The general shock in regards to the resignation of Dr Ibrahim Saif, the former Minister of Energy, was not only caused by it being sudden and unexpected.
It is also due to the absence of public address by the Prime Ministry. The Prime Minister never cares to explain to the public opinion the rationale behind anything he does.
He doesn’t bother, for instance, to inform us of the underlying purposes of the most recent government reshuffle, as opposed to the enigma and mounts of speculation, let alone why he actually decided to retire Dr Saif.
He never did, so why would he now?
This is on top of the shocking, unexpectedness of the shuffle itself!
Were it related to "performance criteria", an important and convincing index in the development of public administration, would it not have been fitting to enlighten us?
Perhaps an address on the government’s new outlook and approach to public administration would help shed some light on the government’s works and decisions.
It would also serve the other ministers to know their performance is being evaluated, so that they wouldn’t be shocked the next time they’re expended.
Everybody was discombobulated by the resignations; from the ministers themselves, to officials, and statesmen, who praised Dr Saif’s efforts above anyone else’s maybe.
Still, all we ask for is to understand; were the other ministers evaluated too, for instance? Perhaps the government could spare a moment to enlighten us on their plans for the underway political interval and the ongoing regional transformations!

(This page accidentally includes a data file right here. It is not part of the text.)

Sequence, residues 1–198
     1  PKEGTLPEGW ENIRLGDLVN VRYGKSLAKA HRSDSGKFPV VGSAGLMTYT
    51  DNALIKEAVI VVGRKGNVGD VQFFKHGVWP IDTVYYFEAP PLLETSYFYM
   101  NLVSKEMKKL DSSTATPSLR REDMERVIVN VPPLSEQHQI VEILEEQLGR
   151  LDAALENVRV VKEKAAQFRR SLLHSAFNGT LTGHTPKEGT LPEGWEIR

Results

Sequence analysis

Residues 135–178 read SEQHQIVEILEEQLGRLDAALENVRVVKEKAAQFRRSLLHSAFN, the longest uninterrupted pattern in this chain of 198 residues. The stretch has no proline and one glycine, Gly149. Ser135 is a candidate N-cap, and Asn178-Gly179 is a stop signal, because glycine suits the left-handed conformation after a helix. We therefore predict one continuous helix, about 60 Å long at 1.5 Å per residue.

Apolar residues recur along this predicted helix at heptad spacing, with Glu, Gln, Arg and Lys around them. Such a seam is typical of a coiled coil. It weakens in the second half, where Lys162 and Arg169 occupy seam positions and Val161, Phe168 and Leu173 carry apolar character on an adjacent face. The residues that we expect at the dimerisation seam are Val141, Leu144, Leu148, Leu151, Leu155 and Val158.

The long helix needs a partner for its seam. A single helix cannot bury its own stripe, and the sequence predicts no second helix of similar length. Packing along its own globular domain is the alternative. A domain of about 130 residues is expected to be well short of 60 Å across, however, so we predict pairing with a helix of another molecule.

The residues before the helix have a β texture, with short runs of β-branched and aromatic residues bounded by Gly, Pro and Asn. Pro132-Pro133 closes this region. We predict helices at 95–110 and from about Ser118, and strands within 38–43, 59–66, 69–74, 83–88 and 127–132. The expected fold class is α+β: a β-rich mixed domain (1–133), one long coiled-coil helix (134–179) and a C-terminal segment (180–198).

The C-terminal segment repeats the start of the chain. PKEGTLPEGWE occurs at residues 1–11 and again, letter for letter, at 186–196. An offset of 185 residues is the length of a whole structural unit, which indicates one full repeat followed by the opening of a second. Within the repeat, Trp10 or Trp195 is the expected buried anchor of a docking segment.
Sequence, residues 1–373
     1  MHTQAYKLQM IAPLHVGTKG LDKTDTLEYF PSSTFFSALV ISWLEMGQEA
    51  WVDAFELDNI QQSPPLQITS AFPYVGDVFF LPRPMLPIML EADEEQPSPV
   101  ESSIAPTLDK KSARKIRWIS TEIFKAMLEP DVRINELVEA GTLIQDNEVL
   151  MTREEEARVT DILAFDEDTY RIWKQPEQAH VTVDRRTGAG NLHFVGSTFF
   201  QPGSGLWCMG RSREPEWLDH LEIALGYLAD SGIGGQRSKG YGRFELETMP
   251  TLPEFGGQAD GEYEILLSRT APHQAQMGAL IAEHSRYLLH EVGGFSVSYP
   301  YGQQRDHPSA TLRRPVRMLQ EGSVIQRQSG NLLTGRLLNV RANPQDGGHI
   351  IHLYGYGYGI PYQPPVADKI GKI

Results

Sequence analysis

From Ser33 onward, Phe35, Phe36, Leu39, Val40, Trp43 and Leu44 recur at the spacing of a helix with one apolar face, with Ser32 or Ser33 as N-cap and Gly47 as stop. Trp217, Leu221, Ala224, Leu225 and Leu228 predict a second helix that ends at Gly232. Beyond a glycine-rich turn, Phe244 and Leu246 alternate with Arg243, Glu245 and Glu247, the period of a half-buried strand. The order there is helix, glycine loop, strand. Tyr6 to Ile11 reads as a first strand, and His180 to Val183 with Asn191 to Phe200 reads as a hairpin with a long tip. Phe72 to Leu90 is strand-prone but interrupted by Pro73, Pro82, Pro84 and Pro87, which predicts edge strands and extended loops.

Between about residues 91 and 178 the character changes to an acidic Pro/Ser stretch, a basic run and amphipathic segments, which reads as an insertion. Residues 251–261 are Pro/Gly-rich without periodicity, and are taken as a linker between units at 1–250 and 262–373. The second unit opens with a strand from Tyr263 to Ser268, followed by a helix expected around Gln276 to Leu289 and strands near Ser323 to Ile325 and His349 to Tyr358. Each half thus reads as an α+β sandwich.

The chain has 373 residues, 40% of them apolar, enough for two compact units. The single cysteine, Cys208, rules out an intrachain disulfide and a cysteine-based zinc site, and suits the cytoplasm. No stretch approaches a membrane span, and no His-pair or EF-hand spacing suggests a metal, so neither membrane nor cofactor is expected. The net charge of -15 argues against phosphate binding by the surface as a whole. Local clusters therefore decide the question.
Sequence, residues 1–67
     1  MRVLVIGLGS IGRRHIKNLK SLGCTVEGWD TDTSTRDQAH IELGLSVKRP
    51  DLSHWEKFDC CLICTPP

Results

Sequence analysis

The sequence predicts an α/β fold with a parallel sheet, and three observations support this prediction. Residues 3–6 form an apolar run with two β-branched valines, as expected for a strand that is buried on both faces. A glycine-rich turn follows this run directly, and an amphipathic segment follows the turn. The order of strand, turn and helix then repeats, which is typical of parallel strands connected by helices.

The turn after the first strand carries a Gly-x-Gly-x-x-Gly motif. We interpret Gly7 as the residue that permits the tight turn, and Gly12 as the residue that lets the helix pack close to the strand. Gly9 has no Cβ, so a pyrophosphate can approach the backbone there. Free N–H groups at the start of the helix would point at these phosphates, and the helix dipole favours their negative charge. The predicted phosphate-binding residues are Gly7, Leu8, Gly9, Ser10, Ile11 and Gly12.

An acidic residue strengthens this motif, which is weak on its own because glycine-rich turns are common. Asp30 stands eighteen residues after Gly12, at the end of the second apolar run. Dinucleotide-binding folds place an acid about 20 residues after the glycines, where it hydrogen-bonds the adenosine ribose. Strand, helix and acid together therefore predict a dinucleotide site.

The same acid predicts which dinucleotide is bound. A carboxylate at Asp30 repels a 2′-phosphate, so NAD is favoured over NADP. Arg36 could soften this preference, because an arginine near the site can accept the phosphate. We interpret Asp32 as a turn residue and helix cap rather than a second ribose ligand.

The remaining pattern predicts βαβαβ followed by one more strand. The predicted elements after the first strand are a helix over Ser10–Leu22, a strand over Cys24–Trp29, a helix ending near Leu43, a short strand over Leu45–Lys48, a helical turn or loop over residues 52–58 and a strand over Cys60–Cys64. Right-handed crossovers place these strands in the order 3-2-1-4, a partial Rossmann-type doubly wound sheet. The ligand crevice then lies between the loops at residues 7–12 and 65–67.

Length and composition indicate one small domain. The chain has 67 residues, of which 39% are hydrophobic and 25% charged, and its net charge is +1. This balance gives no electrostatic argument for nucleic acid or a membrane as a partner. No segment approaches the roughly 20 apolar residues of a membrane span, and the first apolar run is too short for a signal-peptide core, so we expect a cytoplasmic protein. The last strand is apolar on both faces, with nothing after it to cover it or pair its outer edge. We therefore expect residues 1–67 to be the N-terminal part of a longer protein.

What are the government’s priorities for the next phase? Anything, give us anything, even if it were just general statements on Jordan’s highest interests.
What about the domestic situation? The economic crisis?
What about corruption? What happened with the cases the government have begun to investigate on administrative and financial corruption?
What are the government’s achievements, so far, if any? Give us something.
It isn’t so hard to, for instance, start with e-government services.
The government could start with address the public on the decisions to automate some of the services provided via 10 government bodies and departments; anything.
A whole years has gone by since Dr Hani Mulqi arrived at the Prime Ministry, and so far, he did not give one, complete, coherent, political public address.
Jordanians, whom are involved in the political situation and dynamics, know next to nothing about the government’s political identity or the Premier, for that matter.
Compared to all former prime ministers, Mulqi is an enigma to the public.
Ask them about any former premiers; Jordanians have a lot to say in assessment of their characters and their performance in office.
Even Abdullah Nsour, who was the first prime minister to inaugurate the technocrat in high office, is known fairly well among Jordanians!
Is the premier’s withdrawal from public light negative or positive?!
In my estimation, I would say it is absolutely negative, even having severed with the political aspects of public office, there is much to address the public on.
There is an abundance of massive internal issues which require a strong affirmative message by the state, in regards to the public sector, the economic crisis, and the restoration of law, notwithstanding.
That said, the technocrat needs to be redefined, with precisions, particularly as to the premier’s role in politics.
The political drainage of the public institution leaves an evident political vacancy, and it is unjustifiable, especially at this particular point in time.
The whole region is undergoing intense and dangerous political and security transmutations.
Leaving the public hanging, floating in the midst of this confusion is dangerous.
The public is really eager to hear from the government; a strong, coherent, political message in order engage the people.
When the political elite are lost, what do we expect from the rest of the citizenry, influencers, and media?
What? Are we supposed to conjure some sort of spirit to explain the ongoings behind the scenes of utter silence and detachment?
This article is an edited translation of the Arabic version, published by AlGhad.